The squadron deployed to Dhahran, Saudi Arabia in 1990 as part of Operation Granby, the first Gulf War, leading a number of bombing raids, delivering JP233 and 1000 lb bombs. The squadron has conducted operations over southern Iraq in support of UN resolutions and over Kosovo in 1999.
IX(B) Squadron was the first squadron to receive the Tornado GR4 in 1999. A formal ceremony at RAF Brüggen on June 15, 2001 officially ended a continuous RAF presence in Germany since the Second World War; on July 17 the squadron completed its move to RAF Marham and all of the remaining Tornados had left by September 4, 2001.
The squadron formed a part of the RAF contribution to the 2003 Iraq War (Operation Telic). Nos. II(AC), IX(B), XIII, 31 and 617 Squadrons contributed to Tornado GR4 Wing 1 based at Ali Al Salem Air Base, Kuwait. IX(B) Squadron suffered its only loss of the war on March 23, 2003 when one of their aircraft was engaged by a Patriot battery in Kuwait while returning from a mission. The pilot and navigator were both killed. Immediately after the incident it was claimed that the RAF crew had failed to switch on their IFF beacon. However a US journalist embedded with the U.S. Army unit operating the Patriot battery said the "army Patriots were mistakenly identifying friendly aircraft as enemy tactical ballistic missiles."
In 2007 IX(B) Squadron were the lead squadron in celebrating 25 years of the Tornado GR in service with the Royal Air Force. A special tail-fin design was applied to one of the squadrons Tornado GR's ZA469.
2009 saw IX(B) Squadron celebrate 95 years of operational service.
The Squadron first undertook a tour of duty on Operation HERRICK, based at Kandahar Air Base in Afghanistan from January to April 2010 under the command of Wing Commander Nick Hay OBE RAF. In January 2011, Wing Commander Hay, handed over command of IX(B) squadron to Wing Commander Andy Turk.
In March 2011, IX(B) squadron were the first RAF Tornado squadron to participate in Operation Ellamy. Aircrews from the squadron performed the second longest strike sorties in the history of the RAF, launching Storm Shadow strikes from the squadron's home base of RAF Marham and hitting targets deep inside Libya. The squadron then deployed forward to continue operations from Gioia del Colle in Southern Italy. After a brief respite from the action where IX(B) squadron were replaced by air and ground crews of II(AC) squadron, IX(B) Squadron was chosen to return to Gioia del Colle. During this period, aircrew of IX(B) Squadron were inside Libyan airspace on 20 October 2011 when the conflict came to an end with the capture of Colonel Gaddafi by NTC fighters. The Squadron returned home on 1 November 2011 after participating in one of the most successful NATO operations ever conducted. (Operation Unified Protector)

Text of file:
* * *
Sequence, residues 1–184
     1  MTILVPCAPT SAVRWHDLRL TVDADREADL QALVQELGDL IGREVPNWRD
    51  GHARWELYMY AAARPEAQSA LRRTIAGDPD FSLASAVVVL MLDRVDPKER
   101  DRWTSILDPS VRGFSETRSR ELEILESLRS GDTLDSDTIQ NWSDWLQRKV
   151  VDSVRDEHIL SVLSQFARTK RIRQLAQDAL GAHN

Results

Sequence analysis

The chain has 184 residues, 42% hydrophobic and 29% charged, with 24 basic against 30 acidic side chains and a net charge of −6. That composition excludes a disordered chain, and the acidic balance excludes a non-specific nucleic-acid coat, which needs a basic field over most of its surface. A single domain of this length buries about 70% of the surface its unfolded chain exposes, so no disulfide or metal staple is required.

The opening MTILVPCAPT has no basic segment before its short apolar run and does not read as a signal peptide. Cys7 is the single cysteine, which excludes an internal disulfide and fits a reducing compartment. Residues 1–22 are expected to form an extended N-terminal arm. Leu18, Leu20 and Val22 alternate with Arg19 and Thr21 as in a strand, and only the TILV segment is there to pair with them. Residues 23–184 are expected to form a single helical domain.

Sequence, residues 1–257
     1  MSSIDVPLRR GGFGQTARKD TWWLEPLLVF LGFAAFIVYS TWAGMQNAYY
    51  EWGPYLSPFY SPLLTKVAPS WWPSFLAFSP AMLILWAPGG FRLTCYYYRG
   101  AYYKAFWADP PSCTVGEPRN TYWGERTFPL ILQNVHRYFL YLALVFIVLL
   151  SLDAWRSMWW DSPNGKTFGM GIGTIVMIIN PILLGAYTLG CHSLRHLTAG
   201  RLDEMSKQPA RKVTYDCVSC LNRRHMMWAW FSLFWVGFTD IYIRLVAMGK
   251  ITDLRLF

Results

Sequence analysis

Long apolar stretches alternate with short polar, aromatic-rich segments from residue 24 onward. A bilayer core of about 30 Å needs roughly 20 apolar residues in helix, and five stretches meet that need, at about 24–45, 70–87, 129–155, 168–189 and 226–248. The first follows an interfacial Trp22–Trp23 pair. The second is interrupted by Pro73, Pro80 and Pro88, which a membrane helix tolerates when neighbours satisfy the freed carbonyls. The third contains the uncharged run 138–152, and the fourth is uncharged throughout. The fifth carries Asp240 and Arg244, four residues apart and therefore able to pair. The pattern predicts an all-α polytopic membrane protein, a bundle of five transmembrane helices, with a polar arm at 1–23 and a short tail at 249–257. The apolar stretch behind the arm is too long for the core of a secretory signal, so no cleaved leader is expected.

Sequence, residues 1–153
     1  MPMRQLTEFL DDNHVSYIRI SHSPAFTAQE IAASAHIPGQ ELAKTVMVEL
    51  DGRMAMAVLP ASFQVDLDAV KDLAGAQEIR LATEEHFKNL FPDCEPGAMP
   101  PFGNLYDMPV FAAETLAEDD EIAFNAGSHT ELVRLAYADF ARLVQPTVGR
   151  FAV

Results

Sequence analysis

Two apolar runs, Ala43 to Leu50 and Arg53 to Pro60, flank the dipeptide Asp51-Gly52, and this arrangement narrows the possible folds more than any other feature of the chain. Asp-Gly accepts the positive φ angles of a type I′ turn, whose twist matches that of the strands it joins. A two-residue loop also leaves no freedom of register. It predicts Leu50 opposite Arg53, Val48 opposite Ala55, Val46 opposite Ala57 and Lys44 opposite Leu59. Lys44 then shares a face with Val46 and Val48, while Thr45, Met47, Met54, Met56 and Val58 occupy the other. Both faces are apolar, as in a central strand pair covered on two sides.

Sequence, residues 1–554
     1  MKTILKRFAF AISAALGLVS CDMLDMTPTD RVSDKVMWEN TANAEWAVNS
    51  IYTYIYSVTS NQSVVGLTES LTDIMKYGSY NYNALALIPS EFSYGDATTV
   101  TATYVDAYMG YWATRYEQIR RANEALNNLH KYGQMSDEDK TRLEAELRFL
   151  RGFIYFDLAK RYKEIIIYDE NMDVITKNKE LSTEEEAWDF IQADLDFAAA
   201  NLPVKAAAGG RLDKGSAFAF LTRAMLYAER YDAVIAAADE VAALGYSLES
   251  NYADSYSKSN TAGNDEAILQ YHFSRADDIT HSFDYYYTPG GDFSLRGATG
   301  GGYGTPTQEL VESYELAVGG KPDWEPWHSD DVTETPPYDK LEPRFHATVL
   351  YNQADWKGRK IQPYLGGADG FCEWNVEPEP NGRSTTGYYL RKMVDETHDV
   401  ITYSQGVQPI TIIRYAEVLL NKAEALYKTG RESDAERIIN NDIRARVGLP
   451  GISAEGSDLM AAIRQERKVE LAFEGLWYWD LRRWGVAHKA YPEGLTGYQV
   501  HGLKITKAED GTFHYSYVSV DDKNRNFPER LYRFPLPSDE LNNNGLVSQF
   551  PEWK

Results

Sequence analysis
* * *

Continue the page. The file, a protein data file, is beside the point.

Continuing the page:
In 2013 IX(B) squadron returned to Afghanistan to complete another tour of duty on Operation HERRICK. Immediately post this tour, Wing Commander Turk handed over IX(B) Squadron to Wing Commander Chris Snaith.
||This article includes a list of references, but its sources remain unclear because it has insufficient inline citations. (October 2014)|
- Ashworth 1989, p.46.
- Rawlings 1985, p.250.
- Rawlings 1985, pp. 251–252.
- Rawlings 1985, p.252.
- "Tirpitz Bulkhead | IX(B) Squadron Association". Ixb.org.uk. Retrieved 2013-06-04.
- "IX(B) Squadron Association". Retrieved 2 October 2014.
- Weapon data and No.9 Squadron data for 1966-67
- "Weapon overview @ www.nuclear-weapons.info/vw.htm#WE.177 Carriage". Retrieved 2 October 2014.
- Weapon data and No.9 Squadron data for 1994
- Ashworth, Chris. Encyclopedia of Modern Royal Air Force Squadrons. Wellingborough, UK:PSL, 1989. ISBN 1-85260-013-6.
- Lewis, Peter. Squadron Histories: R.F.C, R.N.A.S and R.A.F., 1912-59. London: Putnam, 1959.
- Rawlings, J.D.R. "First with the Tornado". Air Pictorial, July 1985, Vol. 47, No. 7. pp. 250–255.
- Thorburn, Gordon. 'Bombers, first and last'. London, Anova Books, 2006. ISBN 978-1-86105-946-8.
- Thorburn, Gordon. 'No Need to Die'. Yeovil, Haynes Publishing 2009. ISBN 978-1-84425-652-5.